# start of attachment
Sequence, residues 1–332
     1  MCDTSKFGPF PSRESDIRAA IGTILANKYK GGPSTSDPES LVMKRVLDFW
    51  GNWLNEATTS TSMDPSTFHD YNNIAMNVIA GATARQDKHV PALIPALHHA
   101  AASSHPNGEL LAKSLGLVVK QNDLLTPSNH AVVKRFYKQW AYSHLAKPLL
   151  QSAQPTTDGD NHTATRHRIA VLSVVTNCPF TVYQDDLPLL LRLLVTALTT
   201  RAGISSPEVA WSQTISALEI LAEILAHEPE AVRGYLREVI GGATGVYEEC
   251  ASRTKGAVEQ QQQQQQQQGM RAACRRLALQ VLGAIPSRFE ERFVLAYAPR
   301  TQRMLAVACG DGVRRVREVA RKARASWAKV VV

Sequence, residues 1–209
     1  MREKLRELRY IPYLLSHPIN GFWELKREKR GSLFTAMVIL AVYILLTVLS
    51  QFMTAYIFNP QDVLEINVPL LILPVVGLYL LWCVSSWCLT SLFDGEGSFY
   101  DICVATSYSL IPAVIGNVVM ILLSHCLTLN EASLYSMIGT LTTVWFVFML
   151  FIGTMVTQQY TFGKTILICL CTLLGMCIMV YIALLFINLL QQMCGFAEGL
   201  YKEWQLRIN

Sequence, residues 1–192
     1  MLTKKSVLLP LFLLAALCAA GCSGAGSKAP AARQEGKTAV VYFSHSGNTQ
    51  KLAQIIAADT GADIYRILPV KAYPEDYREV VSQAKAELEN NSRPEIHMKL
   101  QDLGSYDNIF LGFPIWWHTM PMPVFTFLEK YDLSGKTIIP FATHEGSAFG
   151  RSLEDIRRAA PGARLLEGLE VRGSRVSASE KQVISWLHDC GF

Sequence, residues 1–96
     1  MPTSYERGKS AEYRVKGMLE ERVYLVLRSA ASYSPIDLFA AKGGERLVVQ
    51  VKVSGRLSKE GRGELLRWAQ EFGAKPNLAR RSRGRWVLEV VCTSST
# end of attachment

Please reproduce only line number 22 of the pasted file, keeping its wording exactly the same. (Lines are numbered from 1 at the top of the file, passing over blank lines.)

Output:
    51  VKVSGRLSKE GRGELLRWAQ EFGAKPNLAR RSRGRWVLEV VCTSST